Virginia Woolf’s original Mrs Dalloway manuscript to be published for first time
The hand-written text, featuring her annotations and notes, will be reproduced.
The original hand-written manuscript of Virginia Woolf’s novel Mrs Dalloway is to be published for the first time, revealing numerous changes the author made to one of her most famous works.
The draft, which was penned in purple ink in three notebooks between June 1923 and October 1924, shows she changed the title from the original name The Hours and also altered the first sentence to eventually read: “Mrs Dalloway said she would buy the flowers herself.”
It also shows her notes in the margins, including “a delicious idea comes to me that I will write anything I want to write”, and indicates her initial intention to have the main character Clarissa Dalloway take her own life.
It shows the pencil margin she drew on each page of the notebooks, in which she recorded the date, word count and personal memos and notes for her essays.
It reveals an alternative opening describing the bells and temples of Westminster, which was revised in the second notebook to the well-known inaugural line, and also shows she hesitated over what to name the book, calling it The Hours in the first notebook, The Hours Or Mrs Dalloway in the second and then settling on Mrs Dalloway, or The Hours in the third.
In a diary entry for October 1922, Woolf notes that she planned to write a novel about “Mrs Dalloway seeing the truth”, in which her heroine was supposed to commit suicide but in her notebooks the author develops the story of shell-shocked war veteran Septimus Warren Smith, who ends up killing himself instead.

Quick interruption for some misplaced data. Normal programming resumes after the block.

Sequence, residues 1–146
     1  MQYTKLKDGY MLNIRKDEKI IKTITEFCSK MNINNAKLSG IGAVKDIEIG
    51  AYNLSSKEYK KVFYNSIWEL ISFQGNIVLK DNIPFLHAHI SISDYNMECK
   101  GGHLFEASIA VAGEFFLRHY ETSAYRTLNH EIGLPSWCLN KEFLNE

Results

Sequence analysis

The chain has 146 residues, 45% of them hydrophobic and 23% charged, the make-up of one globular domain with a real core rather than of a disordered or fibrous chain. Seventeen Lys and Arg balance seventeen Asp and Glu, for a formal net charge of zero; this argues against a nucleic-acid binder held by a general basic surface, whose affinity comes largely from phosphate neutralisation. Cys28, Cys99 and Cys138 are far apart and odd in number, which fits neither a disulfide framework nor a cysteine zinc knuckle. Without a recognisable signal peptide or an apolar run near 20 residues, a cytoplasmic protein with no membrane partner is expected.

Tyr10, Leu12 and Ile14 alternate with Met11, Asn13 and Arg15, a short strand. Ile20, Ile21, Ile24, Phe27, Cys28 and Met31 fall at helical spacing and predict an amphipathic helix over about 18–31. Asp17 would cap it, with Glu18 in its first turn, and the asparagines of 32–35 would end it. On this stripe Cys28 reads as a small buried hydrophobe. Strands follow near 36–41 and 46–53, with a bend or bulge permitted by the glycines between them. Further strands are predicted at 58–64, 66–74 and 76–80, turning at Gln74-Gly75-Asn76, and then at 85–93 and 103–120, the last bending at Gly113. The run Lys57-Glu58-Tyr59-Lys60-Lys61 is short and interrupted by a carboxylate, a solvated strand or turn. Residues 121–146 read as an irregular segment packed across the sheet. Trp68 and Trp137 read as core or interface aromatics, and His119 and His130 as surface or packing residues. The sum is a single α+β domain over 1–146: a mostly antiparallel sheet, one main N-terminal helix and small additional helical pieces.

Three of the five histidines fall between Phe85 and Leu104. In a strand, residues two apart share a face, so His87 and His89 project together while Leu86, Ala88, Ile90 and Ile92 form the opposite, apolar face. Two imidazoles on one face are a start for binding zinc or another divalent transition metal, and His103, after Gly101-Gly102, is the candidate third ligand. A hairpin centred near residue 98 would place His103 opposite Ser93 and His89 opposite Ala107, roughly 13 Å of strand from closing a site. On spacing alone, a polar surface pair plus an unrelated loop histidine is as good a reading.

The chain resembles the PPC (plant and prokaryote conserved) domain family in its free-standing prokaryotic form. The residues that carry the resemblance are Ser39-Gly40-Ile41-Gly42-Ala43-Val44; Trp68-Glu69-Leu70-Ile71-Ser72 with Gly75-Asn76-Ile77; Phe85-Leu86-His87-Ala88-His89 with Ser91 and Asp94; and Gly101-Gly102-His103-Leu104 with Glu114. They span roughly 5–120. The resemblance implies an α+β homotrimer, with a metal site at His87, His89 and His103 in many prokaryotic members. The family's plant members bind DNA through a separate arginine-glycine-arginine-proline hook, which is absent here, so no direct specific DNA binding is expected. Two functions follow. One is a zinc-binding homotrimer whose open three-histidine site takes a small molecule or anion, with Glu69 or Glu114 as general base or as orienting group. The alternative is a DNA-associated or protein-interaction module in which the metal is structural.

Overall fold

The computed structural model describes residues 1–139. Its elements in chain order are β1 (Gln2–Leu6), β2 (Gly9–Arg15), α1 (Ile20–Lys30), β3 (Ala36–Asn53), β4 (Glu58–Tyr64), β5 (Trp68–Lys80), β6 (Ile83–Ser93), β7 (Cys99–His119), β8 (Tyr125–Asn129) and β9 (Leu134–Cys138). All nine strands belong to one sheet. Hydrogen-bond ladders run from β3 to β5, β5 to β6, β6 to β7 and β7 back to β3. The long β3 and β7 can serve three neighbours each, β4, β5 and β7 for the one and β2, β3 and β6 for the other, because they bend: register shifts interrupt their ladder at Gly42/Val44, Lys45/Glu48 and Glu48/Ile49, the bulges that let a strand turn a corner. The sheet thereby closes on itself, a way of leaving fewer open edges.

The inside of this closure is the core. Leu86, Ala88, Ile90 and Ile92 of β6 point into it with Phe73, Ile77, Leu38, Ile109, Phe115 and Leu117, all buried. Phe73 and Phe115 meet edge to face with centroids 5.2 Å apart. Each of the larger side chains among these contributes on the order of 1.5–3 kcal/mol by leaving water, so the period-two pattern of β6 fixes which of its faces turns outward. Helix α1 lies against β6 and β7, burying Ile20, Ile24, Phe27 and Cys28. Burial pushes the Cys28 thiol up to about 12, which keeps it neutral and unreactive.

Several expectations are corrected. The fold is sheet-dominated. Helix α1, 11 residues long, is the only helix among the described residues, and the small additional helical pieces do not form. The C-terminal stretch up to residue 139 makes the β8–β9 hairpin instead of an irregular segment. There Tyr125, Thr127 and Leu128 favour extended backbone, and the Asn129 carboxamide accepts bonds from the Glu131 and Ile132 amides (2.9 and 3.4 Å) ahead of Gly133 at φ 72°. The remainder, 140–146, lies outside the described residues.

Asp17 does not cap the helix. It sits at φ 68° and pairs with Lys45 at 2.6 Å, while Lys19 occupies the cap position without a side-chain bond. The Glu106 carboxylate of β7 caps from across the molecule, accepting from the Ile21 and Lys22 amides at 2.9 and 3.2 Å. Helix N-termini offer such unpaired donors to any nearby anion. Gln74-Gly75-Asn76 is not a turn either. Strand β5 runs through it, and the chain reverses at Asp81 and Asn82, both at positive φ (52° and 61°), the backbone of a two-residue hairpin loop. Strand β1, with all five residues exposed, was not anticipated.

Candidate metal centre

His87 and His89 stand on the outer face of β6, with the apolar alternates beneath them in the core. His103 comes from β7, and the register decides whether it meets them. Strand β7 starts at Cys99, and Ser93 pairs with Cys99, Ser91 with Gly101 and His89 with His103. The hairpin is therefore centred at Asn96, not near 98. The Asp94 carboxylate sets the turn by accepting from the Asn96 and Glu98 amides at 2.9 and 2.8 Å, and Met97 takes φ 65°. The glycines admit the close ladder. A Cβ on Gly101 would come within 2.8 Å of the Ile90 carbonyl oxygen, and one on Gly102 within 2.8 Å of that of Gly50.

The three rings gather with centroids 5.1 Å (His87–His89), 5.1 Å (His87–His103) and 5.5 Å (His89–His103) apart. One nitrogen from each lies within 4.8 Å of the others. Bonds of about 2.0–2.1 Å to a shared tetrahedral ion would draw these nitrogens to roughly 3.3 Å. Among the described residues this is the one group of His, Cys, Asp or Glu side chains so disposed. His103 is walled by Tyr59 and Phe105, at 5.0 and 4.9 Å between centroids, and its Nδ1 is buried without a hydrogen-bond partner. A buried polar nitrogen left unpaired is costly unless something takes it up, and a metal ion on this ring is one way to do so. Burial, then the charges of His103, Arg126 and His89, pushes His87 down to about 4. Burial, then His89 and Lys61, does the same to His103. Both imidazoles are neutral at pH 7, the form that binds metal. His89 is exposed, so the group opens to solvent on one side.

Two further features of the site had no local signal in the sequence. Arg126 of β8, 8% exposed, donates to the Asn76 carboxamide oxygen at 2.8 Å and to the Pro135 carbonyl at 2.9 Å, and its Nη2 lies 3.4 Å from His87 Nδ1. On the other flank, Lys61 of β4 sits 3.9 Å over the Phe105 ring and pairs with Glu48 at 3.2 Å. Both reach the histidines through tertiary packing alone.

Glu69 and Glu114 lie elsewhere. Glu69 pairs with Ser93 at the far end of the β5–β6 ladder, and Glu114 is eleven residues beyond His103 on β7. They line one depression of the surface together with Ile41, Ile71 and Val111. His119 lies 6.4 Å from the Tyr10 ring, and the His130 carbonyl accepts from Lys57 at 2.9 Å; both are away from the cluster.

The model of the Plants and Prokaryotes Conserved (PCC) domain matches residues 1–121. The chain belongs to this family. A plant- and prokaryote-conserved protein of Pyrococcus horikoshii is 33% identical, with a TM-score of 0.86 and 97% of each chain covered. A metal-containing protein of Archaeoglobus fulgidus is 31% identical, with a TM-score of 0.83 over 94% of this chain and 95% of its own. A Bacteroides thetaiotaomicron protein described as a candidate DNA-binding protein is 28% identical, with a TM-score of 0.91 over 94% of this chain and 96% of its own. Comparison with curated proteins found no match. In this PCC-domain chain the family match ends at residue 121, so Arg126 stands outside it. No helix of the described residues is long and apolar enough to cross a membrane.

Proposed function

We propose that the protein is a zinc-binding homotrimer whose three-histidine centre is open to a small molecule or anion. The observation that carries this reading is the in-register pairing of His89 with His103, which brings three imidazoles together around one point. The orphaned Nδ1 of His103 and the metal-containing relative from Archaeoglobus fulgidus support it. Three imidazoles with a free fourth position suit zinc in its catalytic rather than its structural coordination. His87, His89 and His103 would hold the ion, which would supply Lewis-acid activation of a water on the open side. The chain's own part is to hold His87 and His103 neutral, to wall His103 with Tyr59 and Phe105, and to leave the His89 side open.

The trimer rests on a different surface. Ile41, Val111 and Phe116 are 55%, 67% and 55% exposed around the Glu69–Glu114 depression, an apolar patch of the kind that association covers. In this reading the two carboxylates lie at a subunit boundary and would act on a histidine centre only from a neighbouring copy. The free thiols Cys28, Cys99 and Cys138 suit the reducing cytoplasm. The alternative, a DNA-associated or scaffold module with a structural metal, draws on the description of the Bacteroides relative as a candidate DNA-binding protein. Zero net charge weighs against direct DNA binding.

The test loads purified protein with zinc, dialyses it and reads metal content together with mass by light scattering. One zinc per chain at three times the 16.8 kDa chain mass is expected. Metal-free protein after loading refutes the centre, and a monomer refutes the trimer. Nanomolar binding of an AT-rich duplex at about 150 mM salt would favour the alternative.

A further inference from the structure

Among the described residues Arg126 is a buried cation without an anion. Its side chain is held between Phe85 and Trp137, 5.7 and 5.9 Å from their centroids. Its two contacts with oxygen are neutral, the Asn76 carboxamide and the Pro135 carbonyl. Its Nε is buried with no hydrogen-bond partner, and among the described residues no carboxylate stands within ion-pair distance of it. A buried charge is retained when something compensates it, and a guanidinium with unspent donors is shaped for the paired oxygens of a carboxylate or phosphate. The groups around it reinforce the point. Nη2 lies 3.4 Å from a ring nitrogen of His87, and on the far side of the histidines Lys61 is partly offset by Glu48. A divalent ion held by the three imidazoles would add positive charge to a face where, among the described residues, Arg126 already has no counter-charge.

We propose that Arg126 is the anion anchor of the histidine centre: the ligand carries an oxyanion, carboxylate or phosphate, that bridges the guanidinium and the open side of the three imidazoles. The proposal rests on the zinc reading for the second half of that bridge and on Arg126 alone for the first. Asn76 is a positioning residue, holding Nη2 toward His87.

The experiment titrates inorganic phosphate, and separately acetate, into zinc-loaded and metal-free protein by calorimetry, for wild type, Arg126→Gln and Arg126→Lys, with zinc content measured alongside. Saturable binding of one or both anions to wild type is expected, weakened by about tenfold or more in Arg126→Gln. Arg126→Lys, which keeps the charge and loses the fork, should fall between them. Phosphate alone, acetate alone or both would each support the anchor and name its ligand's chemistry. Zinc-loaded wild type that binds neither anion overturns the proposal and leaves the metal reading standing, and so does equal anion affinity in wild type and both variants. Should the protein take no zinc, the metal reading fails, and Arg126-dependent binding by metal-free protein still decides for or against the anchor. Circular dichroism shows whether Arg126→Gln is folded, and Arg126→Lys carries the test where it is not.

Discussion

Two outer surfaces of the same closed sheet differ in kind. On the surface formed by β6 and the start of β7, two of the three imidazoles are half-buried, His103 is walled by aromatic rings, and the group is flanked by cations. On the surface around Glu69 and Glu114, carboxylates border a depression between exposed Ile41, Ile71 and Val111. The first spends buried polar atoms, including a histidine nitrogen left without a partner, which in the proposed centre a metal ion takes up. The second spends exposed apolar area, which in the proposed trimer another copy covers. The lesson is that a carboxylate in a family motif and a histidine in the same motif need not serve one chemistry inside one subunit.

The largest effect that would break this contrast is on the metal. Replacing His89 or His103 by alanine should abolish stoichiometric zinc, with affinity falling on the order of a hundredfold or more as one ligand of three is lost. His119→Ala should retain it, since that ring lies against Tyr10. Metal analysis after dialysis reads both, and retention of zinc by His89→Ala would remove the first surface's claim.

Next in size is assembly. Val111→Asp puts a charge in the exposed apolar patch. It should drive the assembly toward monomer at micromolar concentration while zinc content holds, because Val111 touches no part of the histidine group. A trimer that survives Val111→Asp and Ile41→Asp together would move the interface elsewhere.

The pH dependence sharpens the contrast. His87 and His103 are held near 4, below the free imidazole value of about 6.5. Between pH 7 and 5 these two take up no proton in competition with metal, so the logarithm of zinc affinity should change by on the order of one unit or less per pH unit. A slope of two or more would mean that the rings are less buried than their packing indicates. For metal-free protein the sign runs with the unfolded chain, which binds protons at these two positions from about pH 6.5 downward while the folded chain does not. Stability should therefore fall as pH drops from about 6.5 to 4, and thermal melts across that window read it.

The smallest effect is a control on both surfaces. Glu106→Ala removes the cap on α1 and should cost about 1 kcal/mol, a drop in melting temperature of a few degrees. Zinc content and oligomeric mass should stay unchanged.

In 1941, after Woolf’s death, her husband Leonard Woolf sent the manuscript to her friend and lover Vita Sackville-West, who kept it until her own death in 1962.
He described the notebooks in which Woolf wrote her text as bound in the “coloured, patterned Italian papers” of which she was very fond.
A year later the work was purchased by the British Museum Department of Manuscripts, now part of the British Library.
The manuscript will be published in June by Parisian publishers SP Books and will be accompanied by essays from leading Woolf expert Helen Wussow and author Michael Cunningham, who wrote The Hours, which was based on the life Virgina Woolf and inspired by Mrs Dalloway.